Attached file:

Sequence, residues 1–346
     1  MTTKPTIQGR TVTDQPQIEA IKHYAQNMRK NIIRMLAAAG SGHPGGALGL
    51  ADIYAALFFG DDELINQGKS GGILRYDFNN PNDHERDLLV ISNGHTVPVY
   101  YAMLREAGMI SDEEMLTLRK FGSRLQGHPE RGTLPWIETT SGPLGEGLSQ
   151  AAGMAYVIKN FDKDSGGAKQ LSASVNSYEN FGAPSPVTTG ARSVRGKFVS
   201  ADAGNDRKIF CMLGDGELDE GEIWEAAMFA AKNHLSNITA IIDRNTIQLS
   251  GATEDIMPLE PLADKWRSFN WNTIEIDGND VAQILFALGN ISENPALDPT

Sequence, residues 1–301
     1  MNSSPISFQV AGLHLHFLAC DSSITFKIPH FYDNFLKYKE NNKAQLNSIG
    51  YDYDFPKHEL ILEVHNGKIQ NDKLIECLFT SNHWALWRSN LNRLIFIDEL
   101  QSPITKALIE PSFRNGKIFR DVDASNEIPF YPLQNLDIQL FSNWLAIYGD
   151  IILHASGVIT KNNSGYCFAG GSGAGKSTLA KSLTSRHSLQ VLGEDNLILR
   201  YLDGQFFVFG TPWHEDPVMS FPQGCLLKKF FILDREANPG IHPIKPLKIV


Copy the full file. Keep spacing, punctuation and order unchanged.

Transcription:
Sequence, residues 1–346
     1  MTTKPTIQGR TVTDQPQIEA IKHYAQNMRK NIIRMLAAAG SGHPGGALGL
    51  ADIYAALFFG DDELINQGKS GGILRYDFNN PNDHERDLLV ISNGHTVPVY
   101  YAMLREAGMI SDEEMLTLRK FGSRLQGHPE RGTLPWIETT SGPLGEGLSQ
   151  AAGMAYVIKN FDKDSGGAKQ LSASVNSYEN FGAPSPVTTG ARSVRGKFVS
   201  ADAGNDRKIF CMLGDGELDE GEIWEAAMFA AKNHLSNITA IIDRNTIQLS
   251  GATEDIMPLE PLADKWRSFN WNTIEIDGND VAQILFALGN ISENPALDPT

Sequence, residues 1–301
     1  MNSSPISFQV AGLHLHFLAC DSSITFKIPH FYDNFLKYKE NNKAQLNSIG
    51  YDYDFPKHEL ILEVHNGKIQ NDKLIECLFT SNHWALWRSN LNRLIFIDEL
   101  QSPITKALIE PSFRNGKIFR DVDASNEIPF YPLQNLDIQL FSNWLAIYGD
   151  IILHASGVIT KNNSGYCFAG GSGAGKSTLA KSLTSRHSLQ VLGEDNLILR
   201  YLDGQFFVFG TPWHEDPVMS FPQGCLLKKF FILDREANPG IHPIKPLKIV